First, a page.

"There must be other things to eat without spoiling the cabin," she said.
"The problem is," said the Voice, "there's glue between the wood strips and it tastes very good, although you have to chew a lot of wood to get at it. I didn't think anyone would mind just missing a half-inch off the top edge all around. After all, I did it very neatly."
"That's no excuse," said Felicity, "it's interfering with other people's property, like my sandwich."
"No, it's not," said the Voice, "it's through not looking after things and paying proper attention to them, that's what it is."
"Well, I'm not going to argue with a Voice I can't even see," she said, and got up to walk back to the other end of the cabin platform, where her mother was. She knew better than to tell her mother she had been talking to a Voice.
"Do you have any more sandwiches?" she asked. "Yes, two left," said Nancy, "and you can have them both." She handed them to Felicity who turned to go back, taking her soft drink can as well.
Back she went towards the other end of the cabin again, and as she turned she saw a Nose, poking out from around the far end of the cabin. A small black Nose it was,
and as she began walking towards it, it vanished behind the corner. When she arrived at that end of the cabin, of course it was gone.
"Well, where are you now?" she asked.
"You can't be too careful," said the Nose, "I'm still here. Is that my sandwich?"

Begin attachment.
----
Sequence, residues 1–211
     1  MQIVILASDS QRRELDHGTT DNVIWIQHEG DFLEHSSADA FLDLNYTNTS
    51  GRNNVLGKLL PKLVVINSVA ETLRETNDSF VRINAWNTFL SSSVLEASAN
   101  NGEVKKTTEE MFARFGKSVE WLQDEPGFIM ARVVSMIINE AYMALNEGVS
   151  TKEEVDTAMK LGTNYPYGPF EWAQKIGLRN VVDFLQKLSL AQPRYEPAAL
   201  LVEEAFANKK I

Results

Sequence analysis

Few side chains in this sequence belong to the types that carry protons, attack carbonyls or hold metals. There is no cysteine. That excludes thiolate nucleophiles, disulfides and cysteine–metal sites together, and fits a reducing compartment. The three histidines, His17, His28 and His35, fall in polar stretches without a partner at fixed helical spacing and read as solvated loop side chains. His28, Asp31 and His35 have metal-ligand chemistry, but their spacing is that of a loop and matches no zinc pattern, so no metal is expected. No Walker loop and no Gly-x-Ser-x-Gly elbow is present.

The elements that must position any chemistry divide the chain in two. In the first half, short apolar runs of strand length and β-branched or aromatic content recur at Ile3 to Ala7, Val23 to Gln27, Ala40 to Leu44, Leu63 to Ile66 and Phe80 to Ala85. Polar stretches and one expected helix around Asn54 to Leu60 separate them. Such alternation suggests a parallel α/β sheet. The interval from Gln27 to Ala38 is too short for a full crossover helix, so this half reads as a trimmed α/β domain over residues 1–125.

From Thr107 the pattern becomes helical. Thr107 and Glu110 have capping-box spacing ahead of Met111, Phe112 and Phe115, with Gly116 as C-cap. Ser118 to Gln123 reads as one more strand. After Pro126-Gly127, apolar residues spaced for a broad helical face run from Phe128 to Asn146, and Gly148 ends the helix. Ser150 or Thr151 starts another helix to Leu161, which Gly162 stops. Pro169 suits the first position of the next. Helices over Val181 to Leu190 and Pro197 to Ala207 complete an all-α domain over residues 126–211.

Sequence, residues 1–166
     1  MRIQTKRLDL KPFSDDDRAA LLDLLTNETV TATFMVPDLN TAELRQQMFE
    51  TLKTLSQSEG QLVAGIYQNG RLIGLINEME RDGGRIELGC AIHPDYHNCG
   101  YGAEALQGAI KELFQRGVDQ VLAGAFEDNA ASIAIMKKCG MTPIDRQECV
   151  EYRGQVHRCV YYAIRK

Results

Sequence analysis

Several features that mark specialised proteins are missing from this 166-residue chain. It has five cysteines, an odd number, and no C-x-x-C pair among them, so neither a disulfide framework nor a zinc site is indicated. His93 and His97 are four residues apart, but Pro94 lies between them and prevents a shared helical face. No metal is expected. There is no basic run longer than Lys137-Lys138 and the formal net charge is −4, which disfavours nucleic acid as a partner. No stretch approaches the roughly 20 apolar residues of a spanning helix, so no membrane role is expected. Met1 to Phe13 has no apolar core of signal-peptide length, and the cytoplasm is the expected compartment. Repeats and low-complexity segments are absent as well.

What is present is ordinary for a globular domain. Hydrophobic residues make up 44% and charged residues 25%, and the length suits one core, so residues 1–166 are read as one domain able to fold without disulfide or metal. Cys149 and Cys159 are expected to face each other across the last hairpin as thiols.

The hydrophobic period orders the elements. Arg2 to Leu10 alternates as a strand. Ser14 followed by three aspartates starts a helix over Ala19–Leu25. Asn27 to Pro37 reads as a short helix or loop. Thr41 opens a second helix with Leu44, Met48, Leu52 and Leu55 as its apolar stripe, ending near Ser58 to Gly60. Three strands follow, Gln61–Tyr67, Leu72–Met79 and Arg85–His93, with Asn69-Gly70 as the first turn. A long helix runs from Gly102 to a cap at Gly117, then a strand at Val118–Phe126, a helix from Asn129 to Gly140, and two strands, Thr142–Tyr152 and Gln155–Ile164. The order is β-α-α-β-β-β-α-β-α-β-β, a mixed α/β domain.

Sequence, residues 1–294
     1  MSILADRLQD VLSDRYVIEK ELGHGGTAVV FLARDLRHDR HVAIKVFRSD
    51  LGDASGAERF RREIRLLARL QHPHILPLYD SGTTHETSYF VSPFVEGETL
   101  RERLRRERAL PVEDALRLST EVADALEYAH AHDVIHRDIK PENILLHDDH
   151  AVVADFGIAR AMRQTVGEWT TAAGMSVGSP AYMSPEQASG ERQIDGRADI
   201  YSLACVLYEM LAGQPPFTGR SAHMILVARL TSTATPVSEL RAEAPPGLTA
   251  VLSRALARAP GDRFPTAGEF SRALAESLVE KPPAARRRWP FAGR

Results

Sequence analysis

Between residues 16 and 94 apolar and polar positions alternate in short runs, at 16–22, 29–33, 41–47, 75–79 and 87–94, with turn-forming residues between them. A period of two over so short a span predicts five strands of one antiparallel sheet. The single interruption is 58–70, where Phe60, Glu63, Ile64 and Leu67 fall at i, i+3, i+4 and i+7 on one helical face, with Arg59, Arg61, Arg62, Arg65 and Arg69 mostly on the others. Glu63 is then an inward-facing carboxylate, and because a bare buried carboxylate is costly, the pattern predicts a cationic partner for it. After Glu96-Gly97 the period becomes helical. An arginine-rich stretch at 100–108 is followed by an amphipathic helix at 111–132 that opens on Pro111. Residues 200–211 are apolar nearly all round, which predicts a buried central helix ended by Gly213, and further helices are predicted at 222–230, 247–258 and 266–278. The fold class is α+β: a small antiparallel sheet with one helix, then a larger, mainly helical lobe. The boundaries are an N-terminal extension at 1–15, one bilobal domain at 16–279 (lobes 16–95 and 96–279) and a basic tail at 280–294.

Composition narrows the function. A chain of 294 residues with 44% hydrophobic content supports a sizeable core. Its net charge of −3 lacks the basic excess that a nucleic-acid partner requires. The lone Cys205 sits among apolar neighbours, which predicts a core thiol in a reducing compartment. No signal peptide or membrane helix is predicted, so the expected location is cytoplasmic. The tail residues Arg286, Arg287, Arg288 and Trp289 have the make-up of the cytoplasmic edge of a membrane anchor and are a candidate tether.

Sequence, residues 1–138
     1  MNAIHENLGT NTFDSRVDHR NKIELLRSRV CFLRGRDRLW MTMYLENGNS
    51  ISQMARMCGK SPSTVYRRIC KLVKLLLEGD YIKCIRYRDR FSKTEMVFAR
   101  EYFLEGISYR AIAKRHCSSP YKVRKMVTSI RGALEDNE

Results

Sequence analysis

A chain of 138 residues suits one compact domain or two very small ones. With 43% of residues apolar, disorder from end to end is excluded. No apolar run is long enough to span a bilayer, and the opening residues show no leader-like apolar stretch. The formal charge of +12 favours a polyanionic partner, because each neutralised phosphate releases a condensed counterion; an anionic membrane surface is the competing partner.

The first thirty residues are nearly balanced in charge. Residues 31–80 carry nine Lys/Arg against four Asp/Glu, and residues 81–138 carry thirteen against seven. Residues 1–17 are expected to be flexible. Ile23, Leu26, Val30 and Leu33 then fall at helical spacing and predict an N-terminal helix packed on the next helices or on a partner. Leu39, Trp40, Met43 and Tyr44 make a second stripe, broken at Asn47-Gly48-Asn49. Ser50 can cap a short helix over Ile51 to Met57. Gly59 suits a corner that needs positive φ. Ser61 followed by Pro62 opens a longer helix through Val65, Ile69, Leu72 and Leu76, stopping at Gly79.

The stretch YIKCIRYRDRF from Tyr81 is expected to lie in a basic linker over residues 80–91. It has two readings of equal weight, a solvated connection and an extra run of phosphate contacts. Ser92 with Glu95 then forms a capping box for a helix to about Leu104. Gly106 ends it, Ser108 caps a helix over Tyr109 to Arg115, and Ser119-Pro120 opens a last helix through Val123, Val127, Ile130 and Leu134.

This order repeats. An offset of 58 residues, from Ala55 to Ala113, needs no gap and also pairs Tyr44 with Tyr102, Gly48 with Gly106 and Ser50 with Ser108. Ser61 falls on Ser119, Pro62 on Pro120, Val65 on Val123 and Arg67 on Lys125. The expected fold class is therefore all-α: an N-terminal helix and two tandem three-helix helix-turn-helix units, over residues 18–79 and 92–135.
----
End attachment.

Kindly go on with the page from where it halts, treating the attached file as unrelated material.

"I haven't even had time to offer it to you yet," said Felicity, "don't be so rude."
"You can't waste time on formalities here," said the Nose, "you have to act quickly to survive. In fact I've been working out a theory during the last winter or two. I call it the survival of the fittest, or my theory of natural selection."
"Don't be silly," said Felicity,"that was thought of 150 years ago by Charles Darwin."
"No it wasn't," said the Nose, "it's been going on a lot longer than that."
"Well, do you want the sandwich or not," asked Felicity.
"Of course, but I hardly know you yet. You just leave it on the rock there for me when you go."
"Then I won't get to see you," she said.
"That's as it should be," said the Nose, "that's to protect the element of surprise."
"I don't have the faintest idea what you're talking about," said Felicity, finishing her drink and putting the empty can on the rock by the sandwich. Then back she went to see how her mother was getting on with weeding the herb garden patch and packing things up.
"I've found a friend," Felicity announced, "but I don't know what it is yet."
"Is it an animal?" asked Nancy.
"I think so," said Felicity, "it talks and eats and has a nose but I haven't seen it yet."
Just then there was a clatter from the can. Somehow it had been knocked over and rolled down off the rock. When Felicity went to see, the can had rolled down to the ground and the sandwich was gone.
"Now where are you," said Felicity, a trifle exasperated.
"Not far away," said the Voice, "and thank you for the sandwich, it was very good, but there was nothing in the can."
"Why should there be, it was my can," said Felicity, "you're greedy."
"No, not greedy, just hungry, said the Voice, "and I have to eat everything I can when I find it because I don't know how long I may have to wait to get something else. There's no store here to go to."